By Meghan Nelligan
The New Jersey Chapter of the American Foundation for Suicide Prevention (AFSP) had the honor of participating in the New Jersey Devils and Prudential’s Mental Health Awareness Night on January 25th. This night was in support of the Hockey Talks annual initiative which began in 2013 to honor the legacy of Vancouver Canuck player, Rick Rypien who fought depression. To continue the legacy of their teammate and dear friend, the Vancouver Canucks became determined to raise awareness for mental health and destigmatize the conversation; making it as casual as one would reference a physical injury or illness.
Hockey Talks calls for fans and individuals alike to turn to social media where they can share personal stories, messages of support, and engage in an open dialogue about mental health with the hashtag #HockeyTalks. Because so many suffer in silence, the Vancouver Canucks want their fans to know that talking about what they are going through can not only save their lives but impact others going through similar struggles. Most inspiring to see is the support from other NHL teams in recent years who have come together both on and off the ice to be a part of this important dialogue.
Our very own Elizabeth Roithmayr-Clemens, NJ Chapter Area Director of AFSP, was a vital part of a panel alongside RWJBarnabas Health before the start of the game. This panel discussed several mental health impacts on youth such as COVID-19 as well as the work Roithmayr-Clemens and her team are doing to reduce mental health barriers, fundraise for essential resources, and promote suicide prevention. Roithmayr-Clemens mentioned how the NJ Chapter is focusing on helping youth navigate the effects of the pandemic, especially when it comes to returning to a new normal. She said, “We were so concerned about how it was going to be for them when we were remote that I think we weren’t really thinking about what happens when they go back. They're really struggling with that in New Jersey and that's something that we as a chapter are working with many schools on to try to combat and get these kids back to the place where they were in terms of going back into the world.”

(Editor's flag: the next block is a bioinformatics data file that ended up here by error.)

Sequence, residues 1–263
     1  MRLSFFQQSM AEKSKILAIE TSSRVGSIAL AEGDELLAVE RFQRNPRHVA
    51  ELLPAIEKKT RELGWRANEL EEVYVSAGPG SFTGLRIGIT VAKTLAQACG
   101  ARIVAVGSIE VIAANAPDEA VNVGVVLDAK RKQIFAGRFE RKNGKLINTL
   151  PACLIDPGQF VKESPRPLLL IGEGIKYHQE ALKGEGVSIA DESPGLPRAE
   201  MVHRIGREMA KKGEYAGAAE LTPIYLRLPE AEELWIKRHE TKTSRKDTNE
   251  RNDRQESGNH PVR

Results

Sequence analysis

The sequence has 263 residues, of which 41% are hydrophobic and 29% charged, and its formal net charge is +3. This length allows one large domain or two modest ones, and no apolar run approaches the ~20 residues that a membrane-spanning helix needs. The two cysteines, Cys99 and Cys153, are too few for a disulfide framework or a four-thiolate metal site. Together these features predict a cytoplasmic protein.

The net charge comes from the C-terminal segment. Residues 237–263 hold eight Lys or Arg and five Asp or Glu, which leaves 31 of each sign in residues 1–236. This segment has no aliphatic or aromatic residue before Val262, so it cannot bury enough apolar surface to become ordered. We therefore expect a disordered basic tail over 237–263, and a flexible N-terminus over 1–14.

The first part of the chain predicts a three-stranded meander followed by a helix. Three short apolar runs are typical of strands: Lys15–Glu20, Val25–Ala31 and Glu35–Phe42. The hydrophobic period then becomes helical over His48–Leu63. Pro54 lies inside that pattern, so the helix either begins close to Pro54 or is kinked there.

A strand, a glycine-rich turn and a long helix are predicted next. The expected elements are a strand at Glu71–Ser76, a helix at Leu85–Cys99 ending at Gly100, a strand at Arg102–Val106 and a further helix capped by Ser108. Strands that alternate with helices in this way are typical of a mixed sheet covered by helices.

Hockey Talks began in remembrance of an exceptional athlete and person, Rick Rypien. The aim of events like the Mental Health Awareness Night during the NJ Devils game is to end the silence around suicide and mental health issues. While it can be intimidating to seek out help, it is worth it. And it might take time to find the right therapist for you so do not get discouraged by your first session. As Roithmayr-Clemens mentioned during the panel discussion, “One size does not fit all. It’s ok to do a couple of sessions with one person. You have to find that comfort level, you have to be able to feel comfortable with this person, or else you might not be getting everything you need from that therapy session.” It can be hard to be your own advocate sometimes, but you deserve to receive the help you need. And there is no shame in asking for that help or advocating for the right treatment for you and your situation.
The panel concluded with a powerful statement by Roithmayr-Clemens as she stated: “We can’t do those programs without our volunteers.” With the help of our volunteers, resources such as our educational programs, conferences, and Out of Darkness Walks are made possible. For anyone looking for resources, we encourage them to visit our website to learn more about the initiatives we have as well as opportunities to be a part of the change. The New Jersey Chapter of the American Foundation for Suicide Prevention was honored to be included in this Mental Health Awareness Night for the powerful Hockey Talks initiative. Conversations around mental wellbeing and suicide prevention should be happening in every space and we are glad to see all the NHL is doing to normalize these discussions.